Corrosion Under Insulation (CUI) presents a significant challenge for industries relying on insulated equipment. The insulation meant to conserve energy can inadvertently lead to corrosion. Left unchecked, CUI can cause extensive damage, jeopardize safety, and incur substantial costs. This article provides an in-depth exploration of CUI, covering its causes, detection methods, preventive measures, and effective mitigation strategies. By understanding and implementing proactive approaches, industries can protect their assets and ensure long-term reliability.

What Is Corrosion Under Insulation?

Corrosion Under Insulation (CUI) refers to the occurrence of corrosion caused by moisture on the outer surface of insulated equipment. Corrosion Under Insulation (CUI) can be caused by various factors and affects equipment operating in different conditions, including ambient, low, and heated services.

It can happen to thermally insulated equipment whether it is in use, out of use, or undergoing cyclic service. Since these surfaces are typically not visible for inspection, detecting the early signs of corrosion is challenging. In severe cases, it can lead to significant corrosion and compromise the integrity of the system.

What Are Some Types of Corrosion Under Insulation?

To prevent corrosion under insulation, it is important to identify the different types of corrosion that can occur and use suitable materials and construction methods. The main issue in Corrosion Under Insulation (CUI) is water intrusion.

According to National Board of Boiler and Pressure Vessel Inspectors, there are three types of corrosion In CUI:

1. Galvanic Corrosion

Galvanic corrosion typically occurs when insulation becomes wet and contains an electrolyte or salt, enabling an electrical current to flow between different metals. This happens between the insulated metal surface and the outer jacket or accessories.

2. Alkaline or Acidic Corrosion

Alkaline or acidic corrosion occurs when certain fibrous or granular insulations are exposed to moisture along with alkali or acid substances.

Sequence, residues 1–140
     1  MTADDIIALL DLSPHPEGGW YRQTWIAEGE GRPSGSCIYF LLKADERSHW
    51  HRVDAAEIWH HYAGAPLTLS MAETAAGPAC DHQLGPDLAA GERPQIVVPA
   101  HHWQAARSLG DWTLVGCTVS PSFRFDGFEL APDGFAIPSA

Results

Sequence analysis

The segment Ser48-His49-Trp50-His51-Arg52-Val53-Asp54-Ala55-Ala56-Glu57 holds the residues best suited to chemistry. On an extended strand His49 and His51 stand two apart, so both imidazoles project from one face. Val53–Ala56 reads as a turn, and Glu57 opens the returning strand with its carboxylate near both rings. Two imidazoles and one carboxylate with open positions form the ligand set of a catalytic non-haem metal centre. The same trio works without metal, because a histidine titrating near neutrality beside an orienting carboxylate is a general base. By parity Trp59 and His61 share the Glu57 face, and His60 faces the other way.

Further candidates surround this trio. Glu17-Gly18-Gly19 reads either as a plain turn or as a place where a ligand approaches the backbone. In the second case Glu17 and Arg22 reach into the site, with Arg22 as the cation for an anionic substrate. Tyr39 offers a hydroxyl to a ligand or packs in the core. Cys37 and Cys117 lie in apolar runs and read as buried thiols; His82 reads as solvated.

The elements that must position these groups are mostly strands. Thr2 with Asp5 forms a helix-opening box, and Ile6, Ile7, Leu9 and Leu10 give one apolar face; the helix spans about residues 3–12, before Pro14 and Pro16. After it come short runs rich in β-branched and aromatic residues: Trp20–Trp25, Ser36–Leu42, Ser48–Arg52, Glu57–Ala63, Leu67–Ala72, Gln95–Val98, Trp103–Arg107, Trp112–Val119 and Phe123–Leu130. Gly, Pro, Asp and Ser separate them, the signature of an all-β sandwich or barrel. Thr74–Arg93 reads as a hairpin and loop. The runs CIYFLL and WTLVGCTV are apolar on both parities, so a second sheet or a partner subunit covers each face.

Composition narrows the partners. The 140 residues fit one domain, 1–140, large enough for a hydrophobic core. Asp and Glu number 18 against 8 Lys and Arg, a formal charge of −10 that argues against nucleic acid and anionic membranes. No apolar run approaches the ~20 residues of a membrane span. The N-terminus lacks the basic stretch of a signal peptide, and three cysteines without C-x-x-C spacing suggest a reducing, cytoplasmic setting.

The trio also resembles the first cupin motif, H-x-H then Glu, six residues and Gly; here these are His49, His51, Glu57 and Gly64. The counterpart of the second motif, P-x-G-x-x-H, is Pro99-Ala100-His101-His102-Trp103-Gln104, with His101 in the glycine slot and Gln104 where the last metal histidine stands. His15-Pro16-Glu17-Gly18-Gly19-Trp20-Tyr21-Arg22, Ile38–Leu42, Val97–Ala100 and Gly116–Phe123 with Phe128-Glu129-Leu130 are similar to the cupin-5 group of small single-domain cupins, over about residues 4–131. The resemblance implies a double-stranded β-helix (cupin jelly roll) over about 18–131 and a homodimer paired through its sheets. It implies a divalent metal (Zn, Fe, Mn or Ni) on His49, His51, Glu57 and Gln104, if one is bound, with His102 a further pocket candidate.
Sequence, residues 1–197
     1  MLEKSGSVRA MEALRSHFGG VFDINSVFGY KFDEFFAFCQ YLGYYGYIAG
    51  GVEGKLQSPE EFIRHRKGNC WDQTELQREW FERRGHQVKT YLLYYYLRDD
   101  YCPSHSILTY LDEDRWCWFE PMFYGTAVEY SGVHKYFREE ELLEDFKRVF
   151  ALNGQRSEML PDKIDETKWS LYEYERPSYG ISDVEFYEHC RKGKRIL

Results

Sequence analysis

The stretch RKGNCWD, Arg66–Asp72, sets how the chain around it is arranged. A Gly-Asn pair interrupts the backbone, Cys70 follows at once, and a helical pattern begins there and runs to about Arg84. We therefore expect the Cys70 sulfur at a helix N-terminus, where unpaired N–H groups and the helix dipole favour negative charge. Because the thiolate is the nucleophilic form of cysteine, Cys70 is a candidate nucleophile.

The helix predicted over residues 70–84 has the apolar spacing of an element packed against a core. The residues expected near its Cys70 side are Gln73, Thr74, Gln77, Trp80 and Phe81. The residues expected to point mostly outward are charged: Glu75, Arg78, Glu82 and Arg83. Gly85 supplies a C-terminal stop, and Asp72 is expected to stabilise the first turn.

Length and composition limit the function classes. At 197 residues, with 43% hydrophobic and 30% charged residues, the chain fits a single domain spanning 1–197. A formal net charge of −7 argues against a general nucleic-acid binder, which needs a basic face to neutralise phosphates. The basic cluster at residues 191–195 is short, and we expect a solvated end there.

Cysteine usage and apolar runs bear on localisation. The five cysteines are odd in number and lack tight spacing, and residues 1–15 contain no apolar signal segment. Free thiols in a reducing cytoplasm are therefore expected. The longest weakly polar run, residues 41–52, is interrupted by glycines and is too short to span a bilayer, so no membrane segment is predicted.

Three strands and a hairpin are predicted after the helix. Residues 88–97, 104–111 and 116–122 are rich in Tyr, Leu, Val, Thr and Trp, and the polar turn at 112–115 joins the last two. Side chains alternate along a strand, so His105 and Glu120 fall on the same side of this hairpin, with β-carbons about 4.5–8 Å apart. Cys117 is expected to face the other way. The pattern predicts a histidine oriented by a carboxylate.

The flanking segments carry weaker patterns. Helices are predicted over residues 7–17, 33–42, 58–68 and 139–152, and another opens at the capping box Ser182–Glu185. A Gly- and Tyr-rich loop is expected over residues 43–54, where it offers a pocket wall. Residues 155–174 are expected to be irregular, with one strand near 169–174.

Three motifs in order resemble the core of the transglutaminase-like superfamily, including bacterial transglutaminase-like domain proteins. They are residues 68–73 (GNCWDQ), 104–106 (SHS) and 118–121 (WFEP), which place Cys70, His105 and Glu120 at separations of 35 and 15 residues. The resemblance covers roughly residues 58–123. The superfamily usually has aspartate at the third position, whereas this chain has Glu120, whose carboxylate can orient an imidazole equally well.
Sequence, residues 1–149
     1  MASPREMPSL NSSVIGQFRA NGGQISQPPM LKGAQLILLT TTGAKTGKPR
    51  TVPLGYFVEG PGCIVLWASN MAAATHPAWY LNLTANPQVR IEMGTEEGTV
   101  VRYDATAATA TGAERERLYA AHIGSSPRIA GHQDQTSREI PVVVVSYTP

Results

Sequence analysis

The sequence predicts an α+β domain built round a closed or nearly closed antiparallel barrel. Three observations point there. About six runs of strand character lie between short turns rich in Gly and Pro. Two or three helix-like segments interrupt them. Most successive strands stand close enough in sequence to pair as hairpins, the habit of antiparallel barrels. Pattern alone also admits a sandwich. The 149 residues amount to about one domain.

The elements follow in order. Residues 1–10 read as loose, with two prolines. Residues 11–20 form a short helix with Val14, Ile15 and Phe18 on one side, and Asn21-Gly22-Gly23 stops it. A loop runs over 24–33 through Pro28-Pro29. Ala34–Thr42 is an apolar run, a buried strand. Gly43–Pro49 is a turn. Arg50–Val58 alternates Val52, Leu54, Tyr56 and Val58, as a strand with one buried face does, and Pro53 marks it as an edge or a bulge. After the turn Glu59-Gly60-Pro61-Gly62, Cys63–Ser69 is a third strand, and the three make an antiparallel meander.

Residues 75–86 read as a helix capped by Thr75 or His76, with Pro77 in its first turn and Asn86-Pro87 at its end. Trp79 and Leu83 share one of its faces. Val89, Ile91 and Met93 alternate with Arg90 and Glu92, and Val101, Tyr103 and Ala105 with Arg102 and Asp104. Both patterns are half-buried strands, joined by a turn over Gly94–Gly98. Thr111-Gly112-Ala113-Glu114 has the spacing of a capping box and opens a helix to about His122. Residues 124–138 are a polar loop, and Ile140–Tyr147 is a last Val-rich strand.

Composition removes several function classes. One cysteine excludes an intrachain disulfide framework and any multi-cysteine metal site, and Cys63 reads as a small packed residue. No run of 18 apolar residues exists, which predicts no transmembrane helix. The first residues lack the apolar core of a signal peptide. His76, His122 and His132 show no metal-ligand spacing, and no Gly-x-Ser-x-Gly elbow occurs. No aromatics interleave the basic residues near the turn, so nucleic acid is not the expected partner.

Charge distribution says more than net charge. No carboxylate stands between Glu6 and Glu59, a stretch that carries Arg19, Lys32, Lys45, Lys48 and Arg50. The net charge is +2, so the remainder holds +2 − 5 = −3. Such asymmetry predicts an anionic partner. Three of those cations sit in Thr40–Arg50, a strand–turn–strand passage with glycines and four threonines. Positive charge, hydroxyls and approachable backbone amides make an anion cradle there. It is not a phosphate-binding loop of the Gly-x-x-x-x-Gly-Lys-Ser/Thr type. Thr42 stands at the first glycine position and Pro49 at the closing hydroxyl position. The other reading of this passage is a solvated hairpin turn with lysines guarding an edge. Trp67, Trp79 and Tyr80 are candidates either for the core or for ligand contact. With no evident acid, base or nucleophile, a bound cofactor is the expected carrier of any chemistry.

3. Chloride Corrosion

Chloride corrosion may arise when moisture is present and temperatures exceed 140°F, combining insulation that contains leachable chlorides with surfaces made of 300 series austenitic stainless steel.

During the design phase, it is crucial to avoid promoting corrosion by preventing water from entering the system, whether directly or through capillary action. Moisture can come from external sources or be present within the insulation itself. By being aware of these factors and taking appropriate precautions, piping inspectors can effectively combat corrosion and protect the equipment.

What Causes Corrosion Under Insulation?

Corrosion Under Insulation (CUI) occurs when moisture becomes trapped between the insulation and the equipment surface. This moisture, which can enter through leaks or improper installation, creates a corrosive environment that deteriorates the underlying material.

Additionally, corrosive substances and temperature changes contribute to the corrosion process. If left unaddressed, CUI can cause significant damage and compromise system integrity. Understanding the causes of CUI is essential for implementing effective prevention measures and safeguarding the equipment from corrosion-related issues.

How To Prevent Corrosion Under Insulation?

Preventing Corrosion Under Insulation (CUI) is vital for preserving the integrity and lifespan of insulated equipment. By implementing proactive measures and proper practices, the risk of CUI can be significantly reduced.

Cited from National Board of Boiler and Pressure Vessel Inspectors, there are five methods to prevent corrosion under insulation:

1. Insulation Selection

When selecting insulation, it is crucial to consider the specific conditions of the area, such as spills or high humidity. Some insulations are less affected by defects in weatherproofing or paint films because they are nonabsorbent and chemically nonreactive.

Insulations like calcium silicate, glass fiber, and cellular plastic foams tend to absorb and retain liquids and vapors. Additional flashing is required in areas where spills, leaks, or washdowns may occur. The only completely nonabsorbent insulation is cellular glass, which should be used when corrosive or flammable liquids are present.